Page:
This article by Amadou Diallo in The Hechinger Report describes schools in Philadelphia that rely on project based learning rather than standardized testing. Unlike many such articles, it acknowledges the differences between schools with selective admissions and those that accept all applicants.

A snippet:

An unqualified success for these new schools would be results like those at Science Leadership Academy, a magnet school that is home to the district’s longest-running project-based learning program, which opened in 2006. The school combines rigorous research with student-driven projects that have impact beyond the school building. One student project involved putting on a city-wide Ultimate Frisbee tournament. In the 2016-17 school year, 99 percent of its seniors graduated, and 84 percent attended college immediately afterward. Algebra, Biology and English literature proficiency scores at the school are more than double the district high school average.

“Projects are really hard, collaboration is really hard.”

“As a magnet school,” said Science Leadership Academy principal Chris Lehmann, “we need to be able to prove that the learning we engage in here shows up on the test … without falling into a teach-for-the-test problem. It’s a balancing act. It always has been.”

It may prove difficult for other schools to replicate Science Leadership Academy’s performance, however. As a magnet school, it has selective admissions and attracts students from a wider range of socioeconomic backgrounds (fewer than half its students receive free or reduced-price lunch, for example) than the city’s other project-based learning schools.

Lehmann acknowledges the inherent advantages at a school that’s able to choose its students — applicants must meet minimum grade requirements and sit for an interview — but, like his counterparts at Philadelphia’s nonselective project-based learning schools, he argues that we need to be taking a more holistic view of school performance. “How you judge a school is an incredibly nuanced thing,” he said. “The way that we take care of each other and the way that we learn are intertwined.” There may not be a quantitative metric to assess whether students are being provided with meaningful work in an environment that lets them know they are cared for, but Lehmann believes that without those components, grades and test scores become an end unto themselves.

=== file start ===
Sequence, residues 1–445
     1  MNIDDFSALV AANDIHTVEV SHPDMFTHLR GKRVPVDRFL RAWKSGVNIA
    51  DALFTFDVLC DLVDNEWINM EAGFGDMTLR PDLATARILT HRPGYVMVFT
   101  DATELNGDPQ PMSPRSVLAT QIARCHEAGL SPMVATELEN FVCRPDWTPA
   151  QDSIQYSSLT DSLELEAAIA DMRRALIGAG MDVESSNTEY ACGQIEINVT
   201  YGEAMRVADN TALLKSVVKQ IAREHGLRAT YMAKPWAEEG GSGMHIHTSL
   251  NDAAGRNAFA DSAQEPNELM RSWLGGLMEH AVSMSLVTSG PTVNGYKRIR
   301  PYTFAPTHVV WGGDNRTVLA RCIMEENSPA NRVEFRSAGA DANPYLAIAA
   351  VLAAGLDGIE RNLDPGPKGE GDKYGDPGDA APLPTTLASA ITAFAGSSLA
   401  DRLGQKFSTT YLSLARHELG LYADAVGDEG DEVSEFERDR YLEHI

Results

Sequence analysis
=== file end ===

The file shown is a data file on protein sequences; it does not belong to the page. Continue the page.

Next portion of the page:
“There’s no [statewide] assessment for being able to look people in the eye and speak clearly.”
Vaux Big Picture High School principal Gabriel Kuriloff

Tamir Harper is an 18-year-old senior at Science Leadership Academy whose passion is education reform: In 2017 he founded a nonprofit that advocates for quality urban education. He says that when he arrived at the school he was obsessed with grades. “I just wanted to know ‘How can I get an A?’ I didn’t care if I was learning, or comprehending,” he said. “Now I’m a student that wants to learn, and I don’t worry about the end result [grade]. I’m into the process.” He says a big part of that shift was the relationships he forged at school. “We’re not just project-based, we’re a community-driven school,” he said.

Fellow senior Madison Militello, 18, says her middle school was very strict, with no room for individual connections. “Here I don’t feel like the teachers are above me. I feel like we’re on the same level,” she said, noting that she’s still close with some teachers even though she doesn’t have their classes anymore. “You can’t teach a group of students you don’t have a connection with.”

That sentiment was a common refrain at Vaux, LINC and Workshop, each of which offer slightly different approaches to project-based learning in underserved communities. Educators at each are confident that the skills their students are acquiring — collaboration, critical thinking and problem-solving — will eventually manifest themselves in improved results on more traditional metrics like math and reading tests. More importantly, however, they believe that students will be much more prepared for the real world when they leave school. Whether project-based learning done on a larger scale can turn the tide in Philadelphia is another question.

“You can create the perfect school model and it’s still not going to solve American poverty,” Hauger said. “We’re moving the needle for every child who comes through the door and sometimes that doesn’t feel like enough.”